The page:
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Lisa's First Word vs. Secrets of a Succesful Marriage
Lisa's First Word 57%  57%  [ 4 ]
Secrets of a Successful Marriage 43%  43%  [ 3 ]
Total votes : 7
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 Post subject: Lisa's First Word vs. Secrets of a Successful Marriage
PostPosted: Tue June 21, 2016 1:15 pm 
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Lisa's First Word

The Simpson family are trying unsuccessfully to get Maggie to speak, inspiring Marge to share the story of Lisa's first word.

The story flashes back to March 1983 where Homer, Marge and Bart originally lived in an apartment on the lower east side of Springfield. Homer and Marge had to cope with Bart, who was two years old at the time. Marge reveals to her husband and their son that she's pregnant again, and points out to Homer that they will probably need a bigger place. After viewing several unsuitable properties, they buy a house on Evergreen Terrace with a $15,000 down payment from the sale of Grampa Simpson's house.

In 1984, the Simpsons move into their new home and meet their new neighbors, Ned Flanders and his family. Meanwhile, Krusty the Clown begins a promotion for the 1984 Summer Olympic Games with his Krusty Burger chain, a scratch-and-win game in which people scratch off the name of an event from the game card and if the United States wins a gold in that event, they win a free Krusty Burger. However, Krusty is told that the game cards are rigged so they only contain events in which "Communists never lose". Shortly thereafter, Krusty is told of a boycott of the Games by the Soviets and their allies and that he stands to lose $44 million on the game.[4]

Bart is forced to give up his crib so it can be used for the baby. Homer builds him a new bed shaped like a maniacal clown, which terrifies Bart. When Lisa is born and gets all the attention, Bart takes an immediate dislike to her. Eventually, he is about to run away until Lisa says her first word, "Bart". Thrilled that his name is his sister's first word, Marge explains to Bart that Lisa adores him. He accepts her as his little sister and they both find it funny that they each call Homer by his name, rather than "daddy" as he wishes.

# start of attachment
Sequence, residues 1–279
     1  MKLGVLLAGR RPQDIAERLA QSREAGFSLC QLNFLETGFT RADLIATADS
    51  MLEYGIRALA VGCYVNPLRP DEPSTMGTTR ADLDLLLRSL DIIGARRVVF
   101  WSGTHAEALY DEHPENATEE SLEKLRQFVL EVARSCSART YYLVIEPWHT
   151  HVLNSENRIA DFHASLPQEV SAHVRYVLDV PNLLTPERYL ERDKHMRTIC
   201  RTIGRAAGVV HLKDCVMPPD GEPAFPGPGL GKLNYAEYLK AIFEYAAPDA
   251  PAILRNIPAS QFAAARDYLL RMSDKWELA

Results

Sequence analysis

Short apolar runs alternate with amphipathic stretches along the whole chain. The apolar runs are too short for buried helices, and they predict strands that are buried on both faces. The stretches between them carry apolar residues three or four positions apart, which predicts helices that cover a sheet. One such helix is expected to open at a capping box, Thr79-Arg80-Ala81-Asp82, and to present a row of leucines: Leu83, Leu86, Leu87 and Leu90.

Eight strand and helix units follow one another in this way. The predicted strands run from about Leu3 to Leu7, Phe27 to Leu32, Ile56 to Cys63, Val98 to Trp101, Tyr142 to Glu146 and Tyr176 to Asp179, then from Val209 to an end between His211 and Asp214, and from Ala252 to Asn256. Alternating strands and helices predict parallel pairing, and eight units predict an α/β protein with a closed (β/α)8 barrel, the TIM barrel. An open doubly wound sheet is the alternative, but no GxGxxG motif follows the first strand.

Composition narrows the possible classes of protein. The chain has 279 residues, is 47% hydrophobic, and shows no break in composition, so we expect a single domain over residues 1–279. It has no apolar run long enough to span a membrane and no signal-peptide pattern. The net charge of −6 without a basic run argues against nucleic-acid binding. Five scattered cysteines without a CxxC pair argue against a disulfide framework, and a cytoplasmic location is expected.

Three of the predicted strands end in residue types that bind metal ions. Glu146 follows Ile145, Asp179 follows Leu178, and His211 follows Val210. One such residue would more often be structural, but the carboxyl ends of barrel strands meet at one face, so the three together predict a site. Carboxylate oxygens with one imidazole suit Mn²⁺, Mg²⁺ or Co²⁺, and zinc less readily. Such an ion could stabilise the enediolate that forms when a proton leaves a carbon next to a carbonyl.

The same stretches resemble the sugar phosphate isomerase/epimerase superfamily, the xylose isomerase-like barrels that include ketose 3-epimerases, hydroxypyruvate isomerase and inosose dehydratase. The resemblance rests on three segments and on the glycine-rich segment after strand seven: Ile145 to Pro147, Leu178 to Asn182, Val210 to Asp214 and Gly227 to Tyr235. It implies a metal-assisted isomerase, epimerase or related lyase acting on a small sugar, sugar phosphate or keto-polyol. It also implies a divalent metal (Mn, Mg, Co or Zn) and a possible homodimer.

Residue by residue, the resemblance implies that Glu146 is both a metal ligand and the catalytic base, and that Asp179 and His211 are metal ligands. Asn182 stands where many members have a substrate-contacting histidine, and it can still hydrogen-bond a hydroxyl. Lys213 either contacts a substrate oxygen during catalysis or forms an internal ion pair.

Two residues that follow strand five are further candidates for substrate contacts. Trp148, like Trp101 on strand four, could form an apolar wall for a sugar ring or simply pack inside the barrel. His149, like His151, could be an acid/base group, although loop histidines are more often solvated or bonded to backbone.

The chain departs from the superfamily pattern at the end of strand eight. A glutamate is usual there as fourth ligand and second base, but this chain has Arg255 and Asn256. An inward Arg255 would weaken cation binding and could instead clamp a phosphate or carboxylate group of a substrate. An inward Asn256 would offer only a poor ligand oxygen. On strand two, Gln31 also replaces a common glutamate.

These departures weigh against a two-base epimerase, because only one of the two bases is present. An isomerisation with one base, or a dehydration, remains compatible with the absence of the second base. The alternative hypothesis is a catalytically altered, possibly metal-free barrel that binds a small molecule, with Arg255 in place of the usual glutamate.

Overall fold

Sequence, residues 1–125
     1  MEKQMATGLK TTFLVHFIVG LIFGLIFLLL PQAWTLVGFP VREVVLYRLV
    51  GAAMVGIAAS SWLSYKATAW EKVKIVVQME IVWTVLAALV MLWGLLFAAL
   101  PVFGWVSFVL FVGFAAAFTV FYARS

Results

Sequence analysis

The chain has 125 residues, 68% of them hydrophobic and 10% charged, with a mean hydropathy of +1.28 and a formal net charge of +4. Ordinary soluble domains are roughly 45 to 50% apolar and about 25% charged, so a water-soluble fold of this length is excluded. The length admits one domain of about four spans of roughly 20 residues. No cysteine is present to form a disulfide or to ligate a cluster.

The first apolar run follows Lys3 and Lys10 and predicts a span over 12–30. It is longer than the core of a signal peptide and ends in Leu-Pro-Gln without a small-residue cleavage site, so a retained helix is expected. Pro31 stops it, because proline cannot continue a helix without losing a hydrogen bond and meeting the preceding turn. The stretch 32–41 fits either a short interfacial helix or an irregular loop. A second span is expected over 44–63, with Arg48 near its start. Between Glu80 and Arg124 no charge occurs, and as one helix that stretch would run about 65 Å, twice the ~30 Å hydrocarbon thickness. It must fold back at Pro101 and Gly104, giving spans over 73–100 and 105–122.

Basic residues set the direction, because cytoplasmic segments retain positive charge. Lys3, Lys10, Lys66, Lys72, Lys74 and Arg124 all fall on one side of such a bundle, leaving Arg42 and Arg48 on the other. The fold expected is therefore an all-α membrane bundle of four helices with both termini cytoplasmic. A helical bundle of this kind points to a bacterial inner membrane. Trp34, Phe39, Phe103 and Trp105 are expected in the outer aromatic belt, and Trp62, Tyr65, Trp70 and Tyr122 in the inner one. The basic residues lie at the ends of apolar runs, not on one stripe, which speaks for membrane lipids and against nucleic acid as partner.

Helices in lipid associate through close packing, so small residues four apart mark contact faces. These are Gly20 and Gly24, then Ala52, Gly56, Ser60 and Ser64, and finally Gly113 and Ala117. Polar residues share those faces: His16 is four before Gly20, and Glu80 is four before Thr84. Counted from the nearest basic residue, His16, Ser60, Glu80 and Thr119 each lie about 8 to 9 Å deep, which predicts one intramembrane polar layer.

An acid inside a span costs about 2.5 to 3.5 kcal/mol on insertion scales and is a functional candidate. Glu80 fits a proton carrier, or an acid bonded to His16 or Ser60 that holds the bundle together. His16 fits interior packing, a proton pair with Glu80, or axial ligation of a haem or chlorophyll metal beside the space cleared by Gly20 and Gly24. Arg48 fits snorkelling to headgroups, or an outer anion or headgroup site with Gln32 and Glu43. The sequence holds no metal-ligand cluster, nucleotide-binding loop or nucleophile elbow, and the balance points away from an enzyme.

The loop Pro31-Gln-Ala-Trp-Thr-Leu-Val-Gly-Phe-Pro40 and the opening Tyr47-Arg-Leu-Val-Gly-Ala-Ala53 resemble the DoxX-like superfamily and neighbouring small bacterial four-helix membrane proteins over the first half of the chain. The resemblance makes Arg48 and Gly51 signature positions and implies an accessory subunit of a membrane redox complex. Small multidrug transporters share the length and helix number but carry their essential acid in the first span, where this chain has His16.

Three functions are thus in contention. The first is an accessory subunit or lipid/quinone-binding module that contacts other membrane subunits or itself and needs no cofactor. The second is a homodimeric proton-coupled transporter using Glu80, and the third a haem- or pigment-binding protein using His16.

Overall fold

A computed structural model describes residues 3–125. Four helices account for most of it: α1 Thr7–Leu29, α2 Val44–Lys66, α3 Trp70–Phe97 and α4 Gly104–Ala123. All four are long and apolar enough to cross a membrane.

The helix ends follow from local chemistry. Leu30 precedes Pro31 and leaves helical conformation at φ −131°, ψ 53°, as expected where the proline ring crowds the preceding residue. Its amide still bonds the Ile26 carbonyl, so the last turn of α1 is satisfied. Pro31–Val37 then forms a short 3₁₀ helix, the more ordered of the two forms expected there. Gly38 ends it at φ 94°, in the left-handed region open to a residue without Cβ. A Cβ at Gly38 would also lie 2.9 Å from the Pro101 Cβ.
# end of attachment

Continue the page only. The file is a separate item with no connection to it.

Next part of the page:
Back in the present day, Homer takes Maggie to bed, commenting on how the sooner kids learn to talk, the sooner they learn to talk back, and tells Maggie that he hopes she never says a word. But as soon as he turns off the light and closes the door, Maggie takes her pacifier out of her mouth and utters the word "daddy", before going to sleep. This takes on added significance because as shown earlier in the episode, when both Bart and Lisa first learn to speak, they address their dad for the first time as "Homer" and not "daddy" as Homer tries to admonish against the use of his first name.

Secrets of a Successful Marriage

After Homer realizes that he is "slow", Marge recommends that he take an adult education course at the annex center. Down at the center, however, Homer changes his mind and decides to become a teacher. He talks to the administrator and accepts an opening to teach a class on having a successful marriage. Despite being confident that he can pull it off, he is frightened on his first day and is unable to help his pupils with their relationship problems. The class collectively gets up to leave, but when Homer mentions his conversation with Marge in bed, the class decides to stay, eager to hear gossip. Marge soon discovers that everyone in town knows her personal secrets, reacting by confronting Homer about it and he promises to stop. He instead continues telling her secrets anyway. Homer then takes the night off teaching class by having his class observe the family over dinner.

Marge finally loses her temper and sends Homer and the class out of the house. When Homer tries to get back in, Marge stops him, saying she can no longer trust him, and refuses to let him back in. Homeless, Homer stays in Bart's tree house. Marge tries to reassure Bart and Lisa that she and Homer love the children, despite their current situation, but Lisa and Bart are worried their parents will get divorced. Marge tries to get advice from Reverend Lovejoy, who tells her to get a divorce.

While Homer longs for his wife, Moe comes by the Simpsons' house to declare his interest in Marge, who turns him down. When Homer comes into the house with flowers he picked for Marge, Moe sees him and jumps out the window. Standing before her in rags, Homer professes his total and utter dependency on Marge, and she tells him that that is not a good thing, but Homer then makes his winning argument: he loves her, he needs her to love him, and can not afford to ever lose her trust again or he will end up dead. Marge is won over and allows Homer to return to the house. The family is glad that he has returned, although Moe is less than thrilled.

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